As light as a madeleine and as frivolous as a macaron, Sandy Wilson’s The Boy Friend proves a festive treat at the Menier Chocolate Factory.
I liked 42nd Street when I saw it last year but I can’t say that I truly loved it, it felt a 24-carat production of a gold-plated show. But upon revisiting, to celebrate Bonnie Langford’s arrival in the company for its final furlong before closing in the New Year, some kind of magic seems to have happened at the Theatre Royal Drury Lane (or maybe I was just less grumpy) as it has now matured into something spectacular.
A group of London’s keenest bloggers and theatre writers were invited by RAW PR to a pre-show exclusive event for Half A Sixpence. I was fortunate enough to attend and get a flavour of how much effort and magic goes into this show night after night.
Arthur Kipps (Charlie Stemp), is an orphan and over-worked draper’s assistant at the turn of the last century. Kipps unexpectedly inherits a fortune that propels him into high society.
It’s rare to watch a West End musical that is so wonderfully British – and Half a Sixpence really is just that, in so many ways. The direction, choreography and music of the piece frame the energy wonderfully.
The musical Half a Sixpence bounds into the West End from Chichester, newly adapted by Julian Fellowes, with a spring in its step and an infectious grin. The story of Arthur Kipps, a lowly haberdashers’ assistant who comes into money but ultimately questions what happiness it brings, is brought to life in a visually beautiful production directed by Rachel Kavanaugh.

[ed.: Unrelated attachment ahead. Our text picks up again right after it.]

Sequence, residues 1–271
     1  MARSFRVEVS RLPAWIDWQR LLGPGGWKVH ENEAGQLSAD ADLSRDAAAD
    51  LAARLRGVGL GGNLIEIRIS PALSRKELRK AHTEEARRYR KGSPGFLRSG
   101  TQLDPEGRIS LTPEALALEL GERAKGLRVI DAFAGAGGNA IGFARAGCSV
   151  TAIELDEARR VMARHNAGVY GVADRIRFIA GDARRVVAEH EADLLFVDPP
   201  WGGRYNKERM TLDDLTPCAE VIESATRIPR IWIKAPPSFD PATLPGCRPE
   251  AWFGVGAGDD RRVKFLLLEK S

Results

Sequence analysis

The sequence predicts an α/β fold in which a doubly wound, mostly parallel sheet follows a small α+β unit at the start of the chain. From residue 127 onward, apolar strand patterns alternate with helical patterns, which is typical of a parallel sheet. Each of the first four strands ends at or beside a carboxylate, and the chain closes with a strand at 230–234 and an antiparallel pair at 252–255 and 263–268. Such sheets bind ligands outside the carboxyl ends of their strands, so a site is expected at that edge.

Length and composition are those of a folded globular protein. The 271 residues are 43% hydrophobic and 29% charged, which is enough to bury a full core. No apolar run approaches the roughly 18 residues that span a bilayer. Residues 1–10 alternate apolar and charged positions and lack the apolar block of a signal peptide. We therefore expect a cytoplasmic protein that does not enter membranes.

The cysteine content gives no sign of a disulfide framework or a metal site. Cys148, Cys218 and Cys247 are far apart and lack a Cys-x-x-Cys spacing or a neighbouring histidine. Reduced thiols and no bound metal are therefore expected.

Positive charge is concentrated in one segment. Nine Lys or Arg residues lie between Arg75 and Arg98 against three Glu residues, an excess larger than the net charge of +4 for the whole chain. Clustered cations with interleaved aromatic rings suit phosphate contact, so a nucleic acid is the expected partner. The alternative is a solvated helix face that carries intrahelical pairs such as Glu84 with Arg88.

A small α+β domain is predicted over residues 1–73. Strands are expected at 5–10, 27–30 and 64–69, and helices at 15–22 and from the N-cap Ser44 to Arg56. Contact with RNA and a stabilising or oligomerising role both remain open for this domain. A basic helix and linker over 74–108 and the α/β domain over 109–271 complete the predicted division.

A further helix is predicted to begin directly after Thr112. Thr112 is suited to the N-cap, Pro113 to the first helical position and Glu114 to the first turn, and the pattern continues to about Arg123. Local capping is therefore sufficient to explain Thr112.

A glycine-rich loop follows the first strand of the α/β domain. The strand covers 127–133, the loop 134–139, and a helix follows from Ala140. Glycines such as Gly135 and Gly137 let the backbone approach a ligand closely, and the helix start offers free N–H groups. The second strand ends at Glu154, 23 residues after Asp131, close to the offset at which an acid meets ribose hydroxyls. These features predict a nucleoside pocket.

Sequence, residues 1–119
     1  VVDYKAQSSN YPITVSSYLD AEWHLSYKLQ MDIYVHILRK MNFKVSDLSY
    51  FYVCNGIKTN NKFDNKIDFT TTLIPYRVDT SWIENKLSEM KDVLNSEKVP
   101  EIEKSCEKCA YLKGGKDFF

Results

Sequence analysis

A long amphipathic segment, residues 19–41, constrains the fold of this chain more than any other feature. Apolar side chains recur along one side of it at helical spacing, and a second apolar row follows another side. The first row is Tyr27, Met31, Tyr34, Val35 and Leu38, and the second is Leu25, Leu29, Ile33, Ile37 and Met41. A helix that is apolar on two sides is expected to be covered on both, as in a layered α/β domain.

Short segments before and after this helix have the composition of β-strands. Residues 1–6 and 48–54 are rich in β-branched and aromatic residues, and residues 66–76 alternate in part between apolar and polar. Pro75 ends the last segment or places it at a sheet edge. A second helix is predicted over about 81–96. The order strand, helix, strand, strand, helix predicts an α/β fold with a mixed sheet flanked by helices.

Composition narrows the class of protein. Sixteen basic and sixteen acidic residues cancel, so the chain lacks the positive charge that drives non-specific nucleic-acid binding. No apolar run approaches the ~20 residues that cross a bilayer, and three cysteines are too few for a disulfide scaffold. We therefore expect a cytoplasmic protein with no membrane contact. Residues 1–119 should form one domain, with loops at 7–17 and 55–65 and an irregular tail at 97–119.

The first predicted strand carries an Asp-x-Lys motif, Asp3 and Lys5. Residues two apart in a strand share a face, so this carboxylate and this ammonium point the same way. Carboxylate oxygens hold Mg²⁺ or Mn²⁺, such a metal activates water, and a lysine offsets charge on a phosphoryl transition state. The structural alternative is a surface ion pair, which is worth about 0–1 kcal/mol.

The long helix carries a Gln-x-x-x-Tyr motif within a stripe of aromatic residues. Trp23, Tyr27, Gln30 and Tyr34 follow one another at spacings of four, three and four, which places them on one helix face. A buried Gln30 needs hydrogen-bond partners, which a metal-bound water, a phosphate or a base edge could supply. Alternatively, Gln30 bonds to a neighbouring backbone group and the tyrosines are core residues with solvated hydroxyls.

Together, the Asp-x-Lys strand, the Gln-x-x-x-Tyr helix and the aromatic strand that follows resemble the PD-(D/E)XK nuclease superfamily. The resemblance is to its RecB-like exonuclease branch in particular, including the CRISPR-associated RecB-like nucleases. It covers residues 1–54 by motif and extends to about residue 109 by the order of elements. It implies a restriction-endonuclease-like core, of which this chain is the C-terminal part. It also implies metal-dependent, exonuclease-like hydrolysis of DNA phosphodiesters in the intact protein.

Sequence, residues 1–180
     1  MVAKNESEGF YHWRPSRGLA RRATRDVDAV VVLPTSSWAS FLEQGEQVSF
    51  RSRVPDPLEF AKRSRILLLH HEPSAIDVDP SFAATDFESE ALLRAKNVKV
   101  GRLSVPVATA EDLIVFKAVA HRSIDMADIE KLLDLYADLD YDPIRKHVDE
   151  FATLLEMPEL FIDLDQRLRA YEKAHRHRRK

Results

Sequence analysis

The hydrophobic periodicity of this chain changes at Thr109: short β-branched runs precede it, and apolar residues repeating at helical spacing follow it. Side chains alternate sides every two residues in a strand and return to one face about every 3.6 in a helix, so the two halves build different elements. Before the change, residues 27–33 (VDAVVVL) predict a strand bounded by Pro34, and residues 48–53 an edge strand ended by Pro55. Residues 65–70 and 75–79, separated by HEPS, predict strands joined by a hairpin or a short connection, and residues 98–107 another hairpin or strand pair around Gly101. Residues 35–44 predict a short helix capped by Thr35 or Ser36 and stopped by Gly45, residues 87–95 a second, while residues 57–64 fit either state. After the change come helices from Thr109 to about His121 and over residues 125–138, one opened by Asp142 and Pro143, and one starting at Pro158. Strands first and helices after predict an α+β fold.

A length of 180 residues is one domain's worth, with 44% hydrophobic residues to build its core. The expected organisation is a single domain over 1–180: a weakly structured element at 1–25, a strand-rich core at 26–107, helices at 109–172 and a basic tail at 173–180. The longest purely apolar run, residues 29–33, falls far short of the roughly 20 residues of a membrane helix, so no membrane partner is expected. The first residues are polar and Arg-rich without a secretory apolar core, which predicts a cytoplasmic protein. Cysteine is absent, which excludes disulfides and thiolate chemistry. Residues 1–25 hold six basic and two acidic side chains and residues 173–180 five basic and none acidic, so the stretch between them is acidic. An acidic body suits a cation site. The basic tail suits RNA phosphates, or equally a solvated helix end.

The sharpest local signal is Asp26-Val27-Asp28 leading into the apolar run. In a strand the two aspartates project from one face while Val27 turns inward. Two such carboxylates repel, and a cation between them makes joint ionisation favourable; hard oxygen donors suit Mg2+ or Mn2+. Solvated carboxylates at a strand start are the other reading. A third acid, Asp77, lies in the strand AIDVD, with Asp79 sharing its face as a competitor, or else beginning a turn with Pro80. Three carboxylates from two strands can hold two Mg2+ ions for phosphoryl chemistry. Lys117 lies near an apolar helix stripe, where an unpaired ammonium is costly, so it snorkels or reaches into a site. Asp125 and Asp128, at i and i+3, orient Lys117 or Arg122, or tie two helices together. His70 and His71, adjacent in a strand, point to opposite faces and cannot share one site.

George Stiles and Anthony Drewe have given the 1963 David Henecker score a complete re-boot with new songs which fit seamlessly into the story – their ragtime ‘Pick Out A Simple Tune’ being an absolute stunner in Andrew Wright’s mercilessly energetic choreography.
It was no surprise to discover that Half A Sixpence would be transferring into the West End – its run at Chichester Festival Theatre was a huge success and with Cameron Mackintosh on producing duties, it was always going to be a case of when rather than if. It’s a slow-burner of a show, the second act really is the business thanks to Andrew Wright’s choreography.
GLORIOUS BRIDES AND BROTHERS… LP NIPS BACK MID-HOL TO CATCH THEM ALL Innocent virgins abducted from their family hearth, carried off to wild territory by lawless bearded gunmen as domestic slaves and bedmates! Men callously singing about the rape of … Continue reading →